January 15, 2016

Yahoo Finance Reporter Won’t Cite Awful U.S. Economic Data as Markets Tank

The press’s fierce determination to avoid blaming any of the steep decline in this nation’s stock markets so far this year on horrid U.S. economic data, or on the Obama administration which has given us such a sour economic environment, has gone way beyond annoying.

Shortly after noon at Yahoo Finance, as the Dow Jones Industrial Average’s Friday dive hit 500 points, Nicole Sinclair, who is also a senior analyst at TheStreet.com, asked: “Why the heck are the markets tanking?” The mystified Sinclair came up with five reasons. None of them directly related to U.S. fundamentals, which she eventually described as “mixed,” or recently released data, though she finally mentioned “disappointing” December retail sales in passing in her second-last sentence.


December SA Retail Sales Down 0.1 Pct.; Up Only 0.2 Pct. in the Past FIVE Months

Filed under: Economy,Taxes & Government — Tom @ 9:11 am

I’m amazed that more people didn’t see this coming, but they didn’t, as expectations at Yahoo’s Economic Calendar were for +0.1 percent to +0.2 percent. (UPDATE: The economists Bloomberg consulted apparently DID see it coming — “The 0.1 percent drop matched the median forecast of 84 economists surveyed.”)

From the Census Bureau:

The U.S. Census Bureau announced today that advance estimates of U.S. retail and food services sales for December, adjusted for seasonal variation and holiday and trading-day differences, but not for price changes, were $448.1 billion, a decrease of 0.1 percent (±0.5%)* from the previous month, and 2.2 percent (±0.7%) above December 2014. Total sales for the 12 months of 2015 were up 2.1 percent (±0.4%) from 2014. Total sales for the October 2015 through December 2015 period were up 1.8 percent (±0.5%) from the same period a year ago. The October 2015 to November 2015 percent change was revised from up 0.2 percent (±0.5%)* to up 0.4 percent (±0.2%).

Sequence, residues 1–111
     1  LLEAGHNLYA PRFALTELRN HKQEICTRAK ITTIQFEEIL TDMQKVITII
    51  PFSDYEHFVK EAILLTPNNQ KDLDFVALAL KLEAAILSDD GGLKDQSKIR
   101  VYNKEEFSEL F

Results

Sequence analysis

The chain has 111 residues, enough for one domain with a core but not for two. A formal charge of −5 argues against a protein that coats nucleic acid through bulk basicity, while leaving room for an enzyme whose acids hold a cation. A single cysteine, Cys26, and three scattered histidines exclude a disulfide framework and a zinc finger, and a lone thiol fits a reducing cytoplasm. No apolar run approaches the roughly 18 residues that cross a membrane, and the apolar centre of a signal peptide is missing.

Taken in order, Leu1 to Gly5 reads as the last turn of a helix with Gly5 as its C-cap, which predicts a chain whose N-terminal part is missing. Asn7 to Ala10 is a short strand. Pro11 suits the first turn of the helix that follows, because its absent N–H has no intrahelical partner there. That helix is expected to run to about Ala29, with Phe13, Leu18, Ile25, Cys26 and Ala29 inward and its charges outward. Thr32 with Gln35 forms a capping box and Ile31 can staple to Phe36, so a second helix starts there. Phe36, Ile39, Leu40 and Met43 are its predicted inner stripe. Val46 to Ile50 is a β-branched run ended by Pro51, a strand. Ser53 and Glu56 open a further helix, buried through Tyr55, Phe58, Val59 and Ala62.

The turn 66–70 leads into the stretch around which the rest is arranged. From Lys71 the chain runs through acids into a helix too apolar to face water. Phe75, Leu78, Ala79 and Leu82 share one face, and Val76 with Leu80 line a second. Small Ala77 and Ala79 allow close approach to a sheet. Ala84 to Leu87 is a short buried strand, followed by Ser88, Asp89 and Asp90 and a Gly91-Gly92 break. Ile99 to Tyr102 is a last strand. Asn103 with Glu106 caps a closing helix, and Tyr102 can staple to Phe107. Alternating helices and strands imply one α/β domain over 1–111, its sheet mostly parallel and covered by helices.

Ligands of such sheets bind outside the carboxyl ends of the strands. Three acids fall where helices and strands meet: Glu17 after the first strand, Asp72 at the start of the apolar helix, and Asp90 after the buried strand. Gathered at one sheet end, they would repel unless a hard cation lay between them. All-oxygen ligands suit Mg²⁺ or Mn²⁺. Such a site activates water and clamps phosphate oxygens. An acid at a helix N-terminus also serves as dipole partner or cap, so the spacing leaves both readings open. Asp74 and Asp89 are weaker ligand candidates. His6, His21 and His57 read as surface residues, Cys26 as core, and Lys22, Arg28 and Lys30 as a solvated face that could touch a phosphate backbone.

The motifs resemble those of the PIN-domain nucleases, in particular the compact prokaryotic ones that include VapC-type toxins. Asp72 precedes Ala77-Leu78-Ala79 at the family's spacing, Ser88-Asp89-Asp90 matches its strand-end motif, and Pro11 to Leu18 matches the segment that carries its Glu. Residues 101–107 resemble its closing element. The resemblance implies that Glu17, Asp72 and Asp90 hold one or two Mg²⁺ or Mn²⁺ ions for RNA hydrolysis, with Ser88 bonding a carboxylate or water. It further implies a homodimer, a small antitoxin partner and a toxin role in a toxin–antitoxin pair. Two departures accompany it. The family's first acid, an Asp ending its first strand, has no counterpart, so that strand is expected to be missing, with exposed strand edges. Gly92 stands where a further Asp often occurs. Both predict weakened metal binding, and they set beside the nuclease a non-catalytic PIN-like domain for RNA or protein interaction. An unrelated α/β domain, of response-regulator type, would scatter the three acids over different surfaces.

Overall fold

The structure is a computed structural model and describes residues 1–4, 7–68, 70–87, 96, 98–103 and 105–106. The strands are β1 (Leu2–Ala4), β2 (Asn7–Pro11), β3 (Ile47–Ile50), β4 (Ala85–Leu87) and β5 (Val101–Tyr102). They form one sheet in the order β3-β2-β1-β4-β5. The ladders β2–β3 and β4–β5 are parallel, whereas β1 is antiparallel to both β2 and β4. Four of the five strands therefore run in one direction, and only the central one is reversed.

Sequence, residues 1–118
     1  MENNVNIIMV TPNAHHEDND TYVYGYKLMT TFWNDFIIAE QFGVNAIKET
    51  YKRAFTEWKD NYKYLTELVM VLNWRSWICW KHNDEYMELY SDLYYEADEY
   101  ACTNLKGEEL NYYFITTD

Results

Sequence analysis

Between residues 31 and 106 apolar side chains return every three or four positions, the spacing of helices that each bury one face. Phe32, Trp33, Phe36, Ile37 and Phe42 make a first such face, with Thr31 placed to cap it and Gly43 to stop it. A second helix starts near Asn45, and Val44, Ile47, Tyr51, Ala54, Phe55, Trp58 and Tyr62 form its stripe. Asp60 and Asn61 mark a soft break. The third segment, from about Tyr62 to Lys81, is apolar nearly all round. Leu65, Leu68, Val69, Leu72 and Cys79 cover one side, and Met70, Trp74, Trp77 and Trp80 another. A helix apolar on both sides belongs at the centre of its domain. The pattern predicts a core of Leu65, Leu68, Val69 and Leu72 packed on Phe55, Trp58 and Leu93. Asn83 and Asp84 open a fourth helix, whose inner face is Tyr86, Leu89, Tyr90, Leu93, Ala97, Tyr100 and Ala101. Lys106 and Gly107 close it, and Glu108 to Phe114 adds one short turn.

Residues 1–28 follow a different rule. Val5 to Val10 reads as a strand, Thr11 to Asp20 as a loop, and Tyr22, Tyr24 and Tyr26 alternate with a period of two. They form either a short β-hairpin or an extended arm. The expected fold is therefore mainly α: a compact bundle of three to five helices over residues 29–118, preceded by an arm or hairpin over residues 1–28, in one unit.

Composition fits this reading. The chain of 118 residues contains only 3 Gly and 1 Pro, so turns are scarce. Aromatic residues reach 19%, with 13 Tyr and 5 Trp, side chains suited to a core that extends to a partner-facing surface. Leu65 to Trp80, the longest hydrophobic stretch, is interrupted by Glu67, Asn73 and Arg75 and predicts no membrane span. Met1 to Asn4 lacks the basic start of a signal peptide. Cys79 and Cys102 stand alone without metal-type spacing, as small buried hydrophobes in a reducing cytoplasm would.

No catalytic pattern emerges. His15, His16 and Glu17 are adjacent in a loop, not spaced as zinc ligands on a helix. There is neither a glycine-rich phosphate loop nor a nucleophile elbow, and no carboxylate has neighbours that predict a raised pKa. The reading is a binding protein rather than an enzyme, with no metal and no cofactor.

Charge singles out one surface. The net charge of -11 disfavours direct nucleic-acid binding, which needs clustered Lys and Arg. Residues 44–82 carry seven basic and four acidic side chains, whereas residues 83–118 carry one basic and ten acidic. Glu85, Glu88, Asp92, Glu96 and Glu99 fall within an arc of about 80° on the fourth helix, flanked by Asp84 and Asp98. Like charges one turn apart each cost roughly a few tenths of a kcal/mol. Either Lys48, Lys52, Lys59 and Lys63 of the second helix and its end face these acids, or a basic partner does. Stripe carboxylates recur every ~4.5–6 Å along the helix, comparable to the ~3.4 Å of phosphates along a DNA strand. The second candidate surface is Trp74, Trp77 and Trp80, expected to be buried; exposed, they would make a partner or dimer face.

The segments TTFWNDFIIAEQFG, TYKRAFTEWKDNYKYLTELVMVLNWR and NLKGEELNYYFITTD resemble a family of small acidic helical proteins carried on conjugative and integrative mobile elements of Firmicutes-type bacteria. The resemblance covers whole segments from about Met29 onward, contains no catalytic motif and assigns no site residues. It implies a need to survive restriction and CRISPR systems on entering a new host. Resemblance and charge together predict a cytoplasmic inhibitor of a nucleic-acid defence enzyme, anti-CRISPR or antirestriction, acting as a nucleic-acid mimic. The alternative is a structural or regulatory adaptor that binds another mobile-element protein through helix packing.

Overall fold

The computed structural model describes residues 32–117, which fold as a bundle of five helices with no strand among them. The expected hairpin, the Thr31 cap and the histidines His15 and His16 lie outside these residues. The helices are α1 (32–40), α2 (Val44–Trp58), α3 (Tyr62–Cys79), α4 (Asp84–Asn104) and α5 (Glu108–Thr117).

Retail trade sales were down 0.2 percent (±0.5%)* from November 2015, but up 1.6 percent (±0.5%) from last year. Sporting goods, hobby, book and music stores were up 7.6% (±2.1%) from December 2014 and nonstore retailers were up 7.1 percent (±1.2%) from last year.

Sorry, the November revision, which the press will certainly cheer even though they rarely cite downward revisions to prior months, doesn’t make up for the December dive for two reasons. First, December’s raw sales are always the largest in any single month during the calendar year (about 9.6 percent of the full year). Second, a bit of November’s revised increase was made possible by October’s revised decrease.

Third, if you look further back to the past five months, seasonally adjusted retail sales have gone almost nowhere. July was $447.1 billion. Today’s December figure (above) was $448.1 billion, an increase of 0.22 percent in five months (0.04 percent per month).

Even if you factor in falling gas prices, the picture is historically dismal.

Also note that retail sales ex-autos also fell. Seasonally adjusted auto dealer sales in the past two months have flattened.